That said, it’s important to note that you can’t evict a rowdy neighbor like you can a rowdy tenant. Sometimes a single-family conflict with a neighbor is harder to resolve because, as a manager, you don’t have the same authority over bad neighbors. Still, your tenants are more likely to keep to themselves and avoid bad neighbors, as they’re more able to.
Advantage: Single-Family. Conflicts are contained between the tenants and the manager, not between tenants.
Obviously, one tenant in one “unit” means there’s less to break and less to maintain. Easy enough! While most investors will have more than one property to manage, your manager won’t have to go between twenty units in a row fixing problems, or worry that one leaky pipe flooded the downstairs unit. Maintenance issues stay contained and are limited to that property and that property alone.
Not only that, but tenants in single-family homes are much more likely to take care of small maintenance tasks themselves: they’ll usually mow the lawn, shovel snow, and do a few of those minor repairs that apartment tenants would usually trouble management over. There’s more a feeling of ownership there than they would have in an apartment.
On top of that, there are no common areas to worry about: no playground, laundry rooms, pools, walkways, or landscaping to really fool with.
Advantage: Single-Family. Tenants tend to be more responsible and there are no common areas to maintain.
Repairs and Management
Property management companies may get a bigger chunk of the rent every month, but there’s a reason for it: they’re harder to manage. Units aren’t all in one place and one building, meaning managers have to drive around to get to each property. Fixtures won’t be standardized between single-family homes, meaning repairs and replacements aren’t as clean-cut as they would be in an apartment. Generally speaking, it’s more legwork for the managers.
Advantage: Multifamily. Standardized fixtures in a centralized location.
While you may not think the tenant experience is directly related to your investments, it really is! Knowing how your tenant interacts and engages with their rental, whether an apartment or home, is important in knowing how you can improve upon your own systems and strategies, no matter what kind of investments you decide to pursue:
For tenants, a single-family rental home feels just like that: a home. They won’t spend too much time wishing they were owning a home because living in your rental will feel like one. Apartments can feel cramped and subpar. A rental house can feel like a real home, and that feeling can keep them staying with you for years. Not to mention they don’t have to take care of maintenance!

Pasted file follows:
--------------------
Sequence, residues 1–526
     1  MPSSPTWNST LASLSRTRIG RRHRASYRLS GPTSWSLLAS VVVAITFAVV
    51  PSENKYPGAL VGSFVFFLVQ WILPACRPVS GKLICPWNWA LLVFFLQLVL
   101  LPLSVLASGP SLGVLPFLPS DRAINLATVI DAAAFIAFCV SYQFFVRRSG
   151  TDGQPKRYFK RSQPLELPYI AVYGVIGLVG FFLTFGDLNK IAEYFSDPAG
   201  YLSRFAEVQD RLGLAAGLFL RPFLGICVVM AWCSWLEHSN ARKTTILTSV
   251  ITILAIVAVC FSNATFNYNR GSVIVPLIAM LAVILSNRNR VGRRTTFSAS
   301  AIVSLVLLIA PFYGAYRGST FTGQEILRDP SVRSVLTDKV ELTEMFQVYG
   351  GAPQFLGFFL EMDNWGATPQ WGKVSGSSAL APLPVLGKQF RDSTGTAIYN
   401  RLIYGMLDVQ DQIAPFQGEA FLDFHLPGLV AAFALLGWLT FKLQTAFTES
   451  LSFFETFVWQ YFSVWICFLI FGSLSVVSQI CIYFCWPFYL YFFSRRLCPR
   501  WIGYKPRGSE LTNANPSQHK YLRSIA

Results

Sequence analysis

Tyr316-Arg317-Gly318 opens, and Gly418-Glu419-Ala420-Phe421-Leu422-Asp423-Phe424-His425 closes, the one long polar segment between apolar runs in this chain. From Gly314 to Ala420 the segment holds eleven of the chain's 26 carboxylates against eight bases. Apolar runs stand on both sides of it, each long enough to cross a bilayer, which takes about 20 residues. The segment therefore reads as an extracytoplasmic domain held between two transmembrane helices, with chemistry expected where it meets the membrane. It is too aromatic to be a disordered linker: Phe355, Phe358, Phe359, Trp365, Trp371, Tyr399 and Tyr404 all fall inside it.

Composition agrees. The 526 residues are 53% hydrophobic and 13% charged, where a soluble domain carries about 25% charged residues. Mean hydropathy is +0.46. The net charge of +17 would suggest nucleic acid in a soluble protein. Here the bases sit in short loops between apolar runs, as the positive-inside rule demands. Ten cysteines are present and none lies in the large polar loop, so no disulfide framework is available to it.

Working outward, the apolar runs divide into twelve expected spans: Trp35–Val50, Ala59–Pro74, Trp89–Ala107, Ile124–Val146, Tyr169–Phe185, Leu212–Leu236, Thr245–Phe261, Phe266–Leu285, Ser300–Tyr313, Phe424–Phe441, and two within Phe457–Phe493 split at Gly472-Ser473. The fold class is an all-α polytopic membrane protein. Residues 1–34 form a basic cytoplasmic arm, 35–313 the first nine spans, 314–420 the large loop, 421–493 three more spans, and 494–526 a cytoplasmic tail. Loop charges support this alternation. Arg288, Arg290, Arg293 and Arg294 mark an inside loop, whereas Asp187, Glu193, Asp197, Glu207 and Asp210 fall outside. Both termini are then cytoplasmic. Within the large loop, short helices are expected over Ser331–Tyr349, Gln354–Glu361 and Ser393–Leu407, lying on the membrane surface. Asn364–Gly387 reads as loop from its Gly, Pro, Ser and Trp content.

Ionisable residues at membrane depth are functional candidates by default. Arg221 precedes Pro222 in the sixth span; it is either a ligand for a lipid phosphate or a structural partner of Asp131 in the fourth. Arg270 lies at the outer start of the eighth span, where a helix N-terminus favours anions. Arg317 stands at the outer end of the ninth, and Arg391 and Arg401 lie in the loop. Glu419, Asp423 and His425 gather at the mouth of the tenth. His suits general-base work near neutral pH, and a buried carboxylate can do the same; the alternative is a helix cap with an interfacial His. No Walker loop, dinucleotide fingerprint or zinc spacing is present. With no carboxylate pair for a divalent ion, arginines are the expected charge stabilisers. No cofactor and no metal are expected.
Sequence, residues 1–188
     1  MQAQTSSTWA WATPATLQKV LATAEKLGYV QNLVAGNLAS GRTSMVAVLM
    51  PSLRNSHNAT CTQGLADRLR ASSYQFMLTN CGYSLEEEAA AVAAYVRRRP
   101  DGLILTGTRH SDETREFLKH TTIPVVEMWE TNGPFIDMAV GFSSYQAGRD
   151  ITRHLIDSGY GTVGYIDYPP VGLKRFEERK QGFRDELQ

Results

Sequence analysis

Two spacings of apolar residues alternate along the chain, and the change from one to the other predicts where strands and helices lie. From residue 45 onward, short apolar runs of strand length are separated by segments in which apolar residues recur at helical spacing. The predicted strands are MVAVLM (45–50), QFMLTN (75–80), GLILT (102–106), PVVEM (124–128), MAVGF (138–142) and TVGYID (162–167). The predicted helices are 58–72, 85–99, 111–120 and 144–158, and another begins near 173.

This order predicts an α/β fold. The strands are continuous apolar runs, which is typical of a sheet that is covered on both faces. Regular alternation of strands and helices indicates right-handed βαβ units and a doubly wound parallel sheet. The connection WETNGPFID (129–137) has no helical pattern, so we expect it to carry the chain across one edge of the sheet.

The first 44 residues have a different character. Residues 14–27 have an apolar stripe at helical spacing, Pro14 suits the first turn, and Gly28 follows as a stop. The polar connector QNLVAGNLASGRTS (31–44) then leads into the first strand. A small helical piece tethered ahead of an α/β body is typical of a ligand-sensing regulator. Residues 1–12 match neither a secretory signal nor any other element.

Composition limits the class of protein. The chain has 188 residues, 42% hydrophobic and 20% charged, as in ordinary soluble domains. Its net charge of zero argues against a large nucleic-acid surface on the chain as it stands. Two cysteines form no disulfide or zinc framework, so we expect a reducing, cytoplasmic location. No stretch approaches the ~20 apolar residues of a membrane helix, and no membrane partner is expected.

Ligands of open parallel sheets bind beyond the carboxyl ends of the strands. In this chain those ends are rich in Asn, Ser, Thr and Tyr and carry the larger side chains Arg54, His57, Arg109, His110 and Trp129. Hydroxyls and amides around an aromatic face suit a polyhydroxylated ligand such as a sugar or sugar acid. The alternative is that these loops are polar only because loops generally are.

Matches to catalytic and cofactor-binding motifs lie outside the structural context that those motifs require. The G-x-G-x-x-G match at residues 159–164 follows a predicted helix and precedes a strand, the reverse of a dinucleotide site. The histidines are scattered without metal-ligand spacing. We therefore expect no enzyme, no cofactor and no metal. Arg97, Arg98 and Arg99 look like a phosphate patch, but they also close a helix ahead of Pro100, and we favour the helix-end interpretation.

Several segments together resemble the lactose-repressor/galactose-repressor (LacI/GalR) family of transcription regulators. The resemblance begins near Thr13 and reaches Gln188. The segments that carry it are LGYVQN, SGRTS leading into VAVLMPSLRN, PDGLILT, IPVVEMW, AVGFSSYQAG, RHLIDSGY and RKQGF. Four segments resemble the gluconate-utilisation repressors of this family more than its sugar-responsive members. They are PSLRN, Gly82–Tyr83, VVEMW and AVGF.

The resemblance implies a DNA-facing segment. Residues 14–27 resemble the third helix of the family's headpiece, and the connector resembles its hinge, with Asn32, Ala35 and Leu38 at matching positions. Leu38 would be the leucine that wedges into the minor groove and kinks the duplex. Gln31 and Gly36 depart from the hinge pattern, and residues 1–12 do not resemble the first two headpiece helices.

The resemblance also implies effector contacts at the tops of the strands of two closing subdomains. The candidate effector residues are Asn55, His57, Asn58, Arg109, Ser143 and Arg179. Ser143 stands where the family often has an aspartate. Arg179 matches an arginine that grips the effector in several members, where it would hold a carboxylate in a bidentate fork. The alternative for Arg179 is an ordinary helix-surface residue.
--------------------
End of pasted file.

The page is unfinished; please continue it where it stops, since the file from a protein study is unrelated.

Advantage: Single-Family. It’s the feel of a home with the convenience of an apartment.
Neighbors and Privacy
No apartment means no rowdy neighbors, no loud pets, no thin walls, and no feeling like you can’t get away from other people. Other tenants can be a pain, but tenants in a single-family unit can almost always ignore their neighbors if they want to. It’s simply more private.
Advantage: Single-Family. No sharing walls!
Apartments typically have more amenities. That’s just how it is: whether it’s an on-site gym, pool, laundry facility or other perks, the big draw of apartments really come down to those special offerings. While some tenants may not care about amenities, many do.
Advantage: Multifamily. Common amenities are a big draw.
Affordability and Demand
We know that demand for single-family homes is higher: there simply aren’t as many of them available either. Supply is lower. It’s so much easier for a tenant to find an apartment unit than to find a rental home. Though it may be worth the hunt, they also tend to be at a much higher price point, and not often for much more space in terms of square footage, depending on their region.
Advantage: Multifamily. Abundance of apartments means they’ll almost always be able to find one, and one they can afford.
So really...which is better?
We can’t say we have a definitive answer for you: like we said in the beginning, it all depends on personal factors. Not only does it come down to your personal goals and preferences as an investor, but there are other factors to consider.
- What is my financial roadmap for acquiring, maintaining and scaling my investments?
- Where do I want to be in 5 years? 10? 20?
- What is my personal tolerance for risk?
Experiment. Try something new. You may find you really enjoy investing in one type of property over another—you may find you love both! Your circumstances, personal capacity, strategies, and goals will all dictate your path.
Weigh the pros and cons for yourself, do your homework, and venture out.